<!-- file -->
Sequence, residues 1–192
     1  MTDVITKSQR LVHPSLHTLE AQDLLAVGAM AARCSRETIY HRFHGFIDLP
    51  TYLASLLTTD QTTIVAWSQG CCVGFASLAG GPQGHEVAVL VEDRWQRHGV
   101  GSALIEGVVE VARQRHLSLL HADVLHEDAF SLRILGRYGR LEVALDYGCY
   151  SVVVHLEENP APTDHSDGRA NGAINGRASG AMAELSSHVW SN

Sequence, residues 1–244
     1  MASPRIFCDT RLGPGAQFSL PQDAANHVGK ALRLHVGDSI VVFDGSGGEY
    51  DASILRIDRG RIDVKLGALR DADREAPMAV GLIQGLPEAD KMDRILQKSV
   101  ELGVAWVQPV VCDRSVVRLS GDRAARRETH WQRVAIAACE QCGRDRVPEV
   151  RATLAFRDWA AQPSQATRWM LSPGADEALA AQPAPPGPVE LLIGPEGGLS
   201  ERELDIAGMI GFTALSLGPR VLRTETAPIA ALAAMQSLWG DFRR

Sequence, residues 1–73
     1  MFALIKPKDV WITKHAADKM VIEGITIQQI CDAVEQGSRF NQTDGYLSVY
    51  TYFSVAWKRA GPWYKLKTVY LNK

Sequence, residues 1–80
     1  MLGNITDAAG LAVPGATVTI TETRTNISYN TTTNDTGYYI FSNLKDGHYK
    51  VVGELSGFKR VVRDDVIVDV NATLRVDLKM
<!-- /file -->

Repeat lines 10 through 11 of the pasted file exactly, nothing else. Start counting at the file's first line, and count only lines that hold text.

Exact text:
   151  RATLAFRDWA AQPSQATRWM LSPGADEALA AQPAPPGPVE LLIGPEGGLS
   201  ERELDIAGMI GFTALSLGPR VLRTETAPIA ALAAMQSLWG DFRR